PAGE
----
For the last few weeks, New Yorkers have been exposed to the spectacle of politicians caught in various inappropriate behaviors - sexual, financial or both. Even if the misdeeds of the accused officials are a subject long familiar to the political community, the public exposure changes the game by enabling the media to say what it believed all along, but did not print for lack of proof.

Vito Lopez is the prime example of this implosion. His fall from grace is particularly striking. Some months ago he was the leader of the Democratic Party in Kings County, the most populous county in New York State. Lopez was Chairman of the Assembly Housing Committee, responsible for approving the expenditure of hundreds of millions of dollars spent on public housing. His girlfriend was earning over $300,000 per year working for organizations he controlled, which would donate heavily to his political campaigns. The whole web of arrangements turned out to be a house of cards, but nonetheless until someone removed one card, it stood for over a decade.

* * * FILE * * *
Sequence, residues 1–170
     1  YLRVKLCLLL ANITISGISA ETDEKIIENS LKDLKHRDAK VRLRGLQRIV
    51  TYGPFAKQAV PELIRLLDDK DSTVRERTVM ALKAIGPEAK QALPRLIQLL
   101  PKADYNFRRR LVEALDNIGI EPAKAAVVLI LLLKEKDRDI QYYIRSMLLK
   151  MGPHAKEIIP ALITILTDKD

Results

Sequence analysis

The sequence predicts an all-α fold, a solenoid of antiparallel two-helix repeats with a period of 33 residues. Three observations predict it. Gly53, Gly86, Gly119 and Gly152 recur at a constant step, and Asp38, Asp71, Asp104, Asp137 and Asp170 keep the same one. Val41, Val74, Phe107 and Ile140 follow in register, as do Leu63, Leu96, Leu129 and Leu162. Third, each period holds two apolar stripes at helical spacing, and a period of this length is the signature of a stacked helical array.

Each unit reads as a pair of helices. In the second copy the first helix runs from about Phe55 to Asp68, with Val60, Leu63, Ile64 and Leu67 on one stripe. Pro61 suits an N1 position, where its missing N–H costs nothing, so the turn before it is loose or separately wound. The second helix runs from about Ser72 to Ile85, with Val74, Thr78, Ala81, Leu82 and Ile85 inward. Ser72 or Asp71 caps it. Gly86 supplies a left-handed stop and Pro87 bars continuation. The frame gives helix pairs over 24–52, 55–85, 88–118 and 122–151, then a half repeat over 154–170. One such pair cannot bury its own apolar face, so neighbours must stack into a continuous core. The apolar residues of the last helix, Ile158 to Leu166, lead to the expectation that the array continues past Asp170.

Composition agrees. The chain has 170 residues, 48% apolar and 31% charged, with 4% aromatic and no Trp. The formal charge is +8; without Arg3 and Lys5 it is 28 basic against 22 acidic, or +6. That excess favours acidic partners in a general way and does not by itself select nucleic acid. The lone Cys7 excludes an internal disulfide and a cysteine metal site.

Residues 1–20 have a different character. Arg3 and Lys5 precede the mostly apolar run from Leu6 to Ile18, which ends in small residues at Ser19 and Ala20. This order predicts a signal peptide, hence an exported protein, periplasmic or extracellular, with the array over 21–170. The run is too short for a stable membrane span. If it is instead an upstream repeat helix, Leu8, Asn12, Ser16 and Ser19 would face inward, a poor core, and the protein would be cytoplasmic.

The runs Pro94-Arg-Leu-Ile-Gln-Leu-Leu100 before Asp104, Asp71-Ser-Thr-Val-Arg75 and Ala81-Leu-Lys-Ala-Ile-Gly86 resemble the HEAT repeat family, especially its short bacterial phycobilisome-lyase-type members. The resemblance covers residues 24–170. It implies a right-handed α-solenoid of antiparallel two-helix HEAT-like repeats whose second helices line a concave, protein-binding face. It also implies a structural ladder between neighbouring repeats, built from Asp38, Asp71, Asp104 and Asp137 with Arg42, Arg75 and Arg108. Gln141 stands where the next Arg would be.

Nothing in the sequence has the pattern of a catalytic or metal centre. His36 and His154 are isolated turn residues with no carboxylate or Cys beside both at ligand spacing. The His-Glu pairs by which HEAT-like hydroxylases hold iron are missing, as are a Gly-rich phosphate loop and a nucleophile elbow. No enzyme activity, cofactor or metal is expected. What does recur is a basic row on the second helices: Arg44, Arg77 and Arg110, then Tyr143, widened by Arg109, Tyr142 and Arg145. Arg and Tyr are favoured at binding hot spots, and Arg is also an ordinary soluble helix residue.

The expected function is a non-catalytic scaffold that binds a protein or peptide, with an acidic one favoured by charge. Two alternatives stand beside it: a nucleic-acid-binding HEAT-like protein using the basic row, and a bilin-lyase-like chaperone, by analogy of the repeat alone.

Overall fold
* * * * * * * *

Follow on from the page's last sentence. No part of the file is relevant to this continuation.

Crime Wave in Legislature
Or Just Better Prosecutors?
Henry J. Stern is the founder and president of New York Civic.
Friday, May 10th, 2013

Is there a crime wave among elected officials in New York State?

That is a question that can reasonably be asked in view of the current spate of indictments, trials and convictions of elected public officials, primarily state legislators. The increasing number of prosecutions, however, is not just today's news. In the last seven years, 32 state level officials have been the subject of criminal proceedings. The ratio of defendants to the entire population of the legislature is comparable to street criminality in some neighborhoods.

We ask: Why? Does the field of public service have a particular attraction for white collar criminals? Or do ordinary men and women, previously presumably honorable, succumb to temptation when substantial public funds are available for them to spend or allocate without their having to carry guns or commit crimes of violence?

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Henry J. Stern is the founder and president of New York Civic.